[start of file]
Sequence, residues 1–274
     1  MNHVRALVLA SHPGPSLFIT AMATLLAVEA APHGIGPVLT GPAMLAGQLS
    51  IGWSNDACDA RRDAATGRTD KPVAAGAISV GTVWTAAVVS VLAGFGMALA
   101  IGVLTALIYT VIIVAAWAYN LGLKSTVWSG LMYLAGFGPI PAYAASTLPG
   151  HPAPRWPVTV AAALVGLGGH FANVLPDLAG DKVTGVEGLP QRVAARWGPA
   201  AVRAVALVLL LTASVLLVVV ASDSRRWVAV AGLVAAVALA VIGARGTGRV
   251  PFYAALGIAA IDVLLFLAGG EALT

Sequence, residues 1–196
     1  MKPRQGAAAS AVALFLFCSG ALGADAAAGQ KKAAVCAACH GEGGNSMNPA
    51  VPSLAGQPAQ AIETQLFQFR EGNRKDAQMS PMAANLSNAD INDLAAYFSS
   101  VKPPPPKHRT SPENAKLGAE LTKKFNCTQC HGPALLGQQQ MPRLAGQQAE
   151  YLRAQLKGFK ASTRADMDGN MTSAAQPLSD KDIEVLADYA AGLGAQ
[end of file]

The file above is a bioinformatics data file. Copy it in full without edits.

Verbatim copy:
Sequence, residues 1–274
     1  MNHVRALVLA SHPGPSLFIT AMATLLAVEA APHGIGPVLT GPAMLAGQLS
    51  IGWSNDACDA RRDAATGRTD KPVAAGAISV GTVWTAAVVS VLAGFGMALA
   101  IGVLTALIYT VIIVAAWAYN LGLKSTVWSG LMYLAGFGPI PAYAASTLPG
   151  HPAPRWPVTV AAALVGLGGH FANVLPDLAG DKVTGVEGLP QRVAARWGPA
   201  AVRAVALVLL LTASVLLVVV ASDSRRWVAV AGLVAAVALA VIGARGTGRV
   251  PFYAALGIAA IDVLLFLAGG EALT

Sequence, residues 1–196
     1  MKPRQGAAAS AVALFLFCSG ALGADAAAGQ KKAAVCAACH GEGGNSMNPA
    51  VPSLAGQPAQ AIETQLFQFR EGNRKDAQMS PMAANLSNAD INDLAAYFSS
   101  VKPPPPKHRT SPENAKLGAE LTKKFNCTQC HGPALLGQQQ MPRLAGQQAE
   151  YLRAQLKGFK ASTRADMDGN MTSAAQPLSD KDIEVLADYA AGLGAQ